Reading Guide: ‘Paradise’ by Toni Morrison

Voyage Out meets the last Sunday of every month at BookPeople. On April 29 at 5 p.m. the group will begin a three month exploration of the literature of Los Angeles, starting with Helena Maria Viramontes’ Their Dogs Came With Them. You (and your friends) are invited to join! Below, Brian offers a reading guide to Toni Morrison’s novel, Paradise, which Voyage Out discussed last month.

Voyage Out reads books in three-month, themed regions. The group is open to all, and all are welcome. (For more information about Voyage Out, including how the group chooses titles, click here.)

This series of ‘guides’ is designed to help other book groups focus meetings of their own when they read the same title. These are not definitive or perfect, but they do reflect the conversations Voyage Out has.



Book information:

Paradise by Toni Morrison; 336 pgs; ISBN# 9780804169882; Vintage Paperback


Toni Morrison’s “Jazz Trilogy”

Other books in the region:

Beloved, Jazz

About the author:

There may be no other author in American history that has Toni Morrison’s combination of critical and popular acceptance. Her work has been honored by the Swedish Academy when she was awarded literature’s highest honor, the Nobel Prize, and her work has been championed by one of the most substantial pop culture entities ever: Oprah.

Born Chloe Anthony Wofford on February 18, 1931 in Lorain, Ohio, Morrison is a writer who notably chronicles the American experience, the experience of African American women in particular.

Growing up in the Midwest, her family took pride in and valued greatly African American culture, including storytelling, songs and folktales. Morrison graduated from Howard University in 1953 and Cornell University in 1955. She taught at Texas Southern University for two years — she taught at Howard for a bit longer. In 1965 she became a fiction editor at Random House, where she was able to champion writers of color and black writers specifically. From 1984 she taught writing at the State University of New York at Albany. In 1989 she took her talents to Princeton University.

Morrison published her first book, The Bluest Eye, in 1970 and has continued to publish high end literature to the present.

As mentioned before, she was awarded the Nobel Prize (1993). Additionally, in 2010, she was made an officer of the French Legion of Honor, and was later awarded the U.S. Presidential Medal of Freedom.


  • Paradise was once, in an earlier version, titled War. The title was changed as the result of conversations between Morrison and her editor. How does each title change/work with the novel?
  • Over the past nine years we’ve read a number of incredible first lines, but the first line in Morrison’s Paradise is so great that it begs exploration. Read the line, discuss how it sets the book up and how it sits on the reader. Break the line down into single words and discuss the weight of each word separately.
  • What symbolic importance does the oven have? What actual importance does/did the oven have? Discuss how things that are of actual use become useful symbolically, and the ramifications of that.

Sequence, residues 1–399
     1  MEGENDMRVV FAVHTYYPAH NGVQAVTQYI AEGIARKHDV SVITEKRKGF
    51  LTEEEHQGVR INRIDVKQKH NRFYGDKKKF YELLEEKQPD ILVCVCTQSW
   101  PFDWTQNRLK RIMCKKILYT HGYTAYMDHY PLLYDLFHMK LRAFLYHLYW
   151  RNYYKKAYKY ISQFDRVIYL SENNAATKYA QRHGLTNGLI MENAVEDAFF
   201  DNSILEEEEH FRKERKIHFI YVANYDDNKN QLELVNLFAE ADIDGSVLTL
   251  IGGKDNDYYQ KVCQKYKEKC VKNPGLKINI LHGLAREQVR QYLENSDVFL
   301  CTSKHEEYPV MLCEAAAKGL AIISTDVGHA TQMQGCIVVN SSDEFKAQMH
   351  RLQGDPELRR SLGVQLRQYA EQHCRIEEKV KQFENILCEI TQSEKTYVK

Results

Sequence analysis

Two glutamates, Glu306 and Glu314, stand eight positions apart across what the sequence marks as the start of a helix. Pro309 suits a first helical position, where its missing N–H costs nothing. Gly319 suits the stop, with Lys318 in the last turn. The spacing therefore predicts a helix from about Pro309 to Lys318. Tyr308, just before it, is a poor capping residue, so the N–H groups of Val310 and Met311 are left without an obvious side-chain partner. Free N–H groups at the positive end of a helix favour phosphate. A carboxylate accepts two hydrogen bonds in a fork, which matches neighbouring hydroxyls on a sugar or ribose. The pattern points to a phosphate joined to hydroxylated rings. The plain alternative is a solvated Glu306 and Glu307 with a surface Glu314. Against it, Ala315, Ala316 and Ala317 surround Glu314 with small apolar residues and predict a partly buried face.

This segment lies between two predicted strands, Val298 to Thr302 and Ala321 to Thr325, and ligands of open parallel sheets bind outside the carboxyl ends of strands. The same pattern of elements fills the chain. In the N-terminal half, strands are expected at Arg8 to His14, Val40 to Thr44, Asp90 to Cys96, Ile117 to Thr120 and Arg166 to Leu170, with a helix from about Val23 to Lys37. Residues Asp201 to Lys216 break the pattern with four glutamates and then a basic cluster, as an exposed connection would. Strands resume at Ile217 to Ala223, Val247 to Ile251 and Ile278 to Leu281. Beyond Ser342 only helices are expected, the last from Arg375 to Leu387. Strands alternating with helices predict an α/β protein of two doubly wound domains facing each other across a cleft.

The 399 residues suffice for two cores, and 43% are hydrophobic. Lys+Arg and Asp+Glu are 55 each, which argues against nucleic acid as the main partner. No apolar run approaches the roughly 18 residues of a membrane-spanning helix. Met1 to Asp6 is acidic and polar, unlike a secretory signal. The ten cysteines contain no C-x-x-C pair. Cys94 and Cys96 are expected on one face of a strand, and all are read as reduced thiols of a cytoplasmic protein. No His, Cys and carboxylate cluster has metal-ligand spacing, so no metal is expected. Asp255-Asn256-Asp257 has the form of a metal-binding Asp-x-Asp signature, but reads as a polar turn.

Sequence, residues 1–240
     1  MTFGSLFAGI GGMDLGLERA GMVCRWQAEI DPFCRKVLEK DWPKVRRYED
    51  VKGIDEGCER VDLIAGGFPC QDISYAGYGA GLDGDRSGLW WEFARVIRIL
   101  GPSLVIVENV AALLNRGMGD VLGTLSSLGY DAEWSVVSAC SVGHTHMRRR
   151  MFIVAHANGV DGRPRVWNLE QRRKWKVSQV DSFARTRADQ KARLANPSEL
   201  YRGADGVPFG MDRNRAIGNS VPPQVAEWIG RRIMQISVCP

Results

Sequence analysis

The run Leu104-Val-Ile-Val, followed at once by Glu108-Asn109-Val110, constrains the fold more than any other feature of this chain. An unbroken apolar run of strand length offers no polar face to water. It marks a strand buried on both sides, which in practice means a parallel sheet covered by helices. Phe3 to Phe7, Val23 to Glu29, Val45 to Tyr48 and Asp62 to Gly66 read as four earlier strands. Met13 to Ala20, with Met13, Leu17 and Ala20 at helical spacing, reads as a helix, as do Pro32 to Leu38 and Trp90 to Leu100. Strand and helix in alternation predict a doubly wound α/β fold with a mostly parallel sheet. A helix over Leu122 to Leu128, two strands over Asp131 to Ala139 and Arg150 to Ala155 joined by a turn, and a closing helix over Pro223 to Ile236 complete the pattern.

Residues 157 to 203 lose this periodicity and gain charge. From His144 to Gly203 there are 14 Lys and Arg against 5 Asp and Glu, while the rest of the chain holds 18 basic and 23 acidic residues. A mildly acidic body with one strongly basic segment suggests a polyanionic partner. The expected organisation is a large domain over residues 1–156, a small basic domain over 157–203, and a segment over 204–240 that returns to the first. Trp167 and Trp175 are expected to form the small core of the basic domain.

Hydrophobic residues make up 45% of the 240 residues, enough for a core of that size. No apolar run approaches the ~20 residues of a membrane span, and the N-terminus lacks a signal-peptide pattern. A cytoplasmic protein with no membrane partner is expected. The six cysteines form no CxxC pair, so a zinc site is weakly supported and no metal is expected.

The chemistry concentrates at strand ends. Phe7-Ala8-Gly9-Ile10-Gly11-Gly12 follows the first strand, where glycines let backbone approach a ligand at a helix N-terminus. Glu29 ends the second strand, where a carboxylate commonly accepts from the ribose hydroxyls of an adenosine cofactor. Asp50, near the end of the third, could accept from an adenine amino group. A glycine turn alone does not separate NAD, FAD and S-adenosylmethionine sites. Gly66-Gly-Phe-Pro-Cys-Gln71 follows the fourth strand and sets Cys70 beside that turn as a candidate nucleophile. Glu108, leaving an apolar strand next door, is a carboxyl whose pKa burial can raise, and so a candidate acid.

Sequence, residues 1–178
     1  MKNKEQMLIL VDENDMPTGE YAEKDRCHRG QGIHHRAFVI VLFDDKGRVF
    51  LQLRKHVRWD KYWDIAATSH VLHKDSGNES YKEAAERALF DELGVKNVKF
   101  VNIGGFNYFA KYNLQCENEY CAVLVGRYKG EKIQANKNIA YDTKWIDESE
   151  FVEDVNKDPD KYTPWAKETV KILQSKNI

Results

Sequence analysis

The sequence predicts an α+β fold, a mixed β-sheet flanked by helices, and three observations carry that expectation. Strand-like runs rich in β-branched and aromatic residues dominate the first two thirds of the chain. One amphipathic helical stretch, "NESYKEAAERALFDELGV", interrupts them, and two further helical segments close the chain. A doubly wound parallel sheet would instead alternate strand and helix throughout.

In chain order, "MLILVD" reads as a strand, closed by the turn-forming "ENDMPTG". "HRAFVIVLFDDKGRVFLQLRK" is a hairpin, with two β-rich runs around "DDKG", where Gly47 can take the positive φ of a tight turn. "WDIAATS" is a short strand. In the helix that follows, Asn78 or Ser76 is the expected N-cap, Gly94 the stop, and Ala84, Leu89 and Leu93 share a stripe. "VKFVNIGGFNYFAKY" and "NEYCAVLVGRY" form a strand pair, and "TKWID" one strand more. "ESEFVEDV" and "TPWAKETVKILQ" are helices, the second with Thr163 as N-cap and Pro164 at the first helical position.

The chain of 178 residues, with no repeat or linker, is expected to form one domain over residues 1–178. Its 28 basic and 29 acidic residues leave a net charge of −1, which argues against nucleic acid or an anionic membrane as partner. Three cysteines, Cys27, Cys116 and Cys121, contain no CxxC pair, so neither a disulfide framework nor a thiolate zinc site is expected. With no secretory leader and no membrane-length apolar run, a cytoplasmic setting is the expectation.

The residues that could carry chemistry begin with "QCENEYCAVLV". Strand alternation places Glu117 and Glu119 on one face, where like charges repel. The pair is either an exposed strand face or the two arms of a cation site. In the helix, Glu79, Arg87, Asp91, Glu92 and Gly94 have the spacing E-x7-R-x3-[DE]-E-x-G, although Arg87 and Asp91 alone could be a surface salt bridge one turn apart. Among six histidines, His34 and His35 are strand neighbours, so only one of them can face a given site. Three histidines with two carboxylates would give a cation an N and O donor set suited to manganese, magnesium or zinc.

• How does history inform the present in Paradise? How does history inform the future in Paradise?
  • Who gravitated towards these built places – Convent, Ruby, the oven, and Haven – and how do these four places interact with each other?
  • The end is told in the beginning (again). How does this change your reading?

What we talk about when we talk about this book:

  • We batted around the idea of ‘paradise’. It hits on biblical themes, utopian themes, and the possibilities of what is even possible. We also talked about the violence that is often perpetrated under the need for paradise.
  • We talked about Toni Morrison’s novels presenting themselves as something that explores, for her, an overarching idea, and how that idea is sometimes obscured by her challenging style, and how this is all a wonderful show of faith towards readers.
  • We talked about the exclusions and inclusions that the novel’s communities perpetrated. This was shown through the racial history of the setting and through the light/dark skinned tensions in the book and through purposefully matriarchal/patriarchal hierarchies in the Ruby, Convent, and even Haven.
  • We talked about the Convent being a place that desires to be separate, left alone, but also is open to all without judgements.
  • We talked about whether, after reading what’s considered the ‘Jazz Trilogy’, these three books can be considered a true trilogy, and why.
  • We talked about the myth and the idea of Toni Morrison. Whether we talk about the Oprah connection or the Nobel connection or the movies or a thousand other points of contact that folks make when building their ideas about Dr.Morrison, we talk about how these ideas are contradicted or impacted by the actual reading of her work.


Mark your calendars:

Voyage Out next meets April 29 at 5 p.m. to discuss Their Dogs Came With Them by  Helena Maria Viramontes. Join us at BookPeople!


— Brian C.

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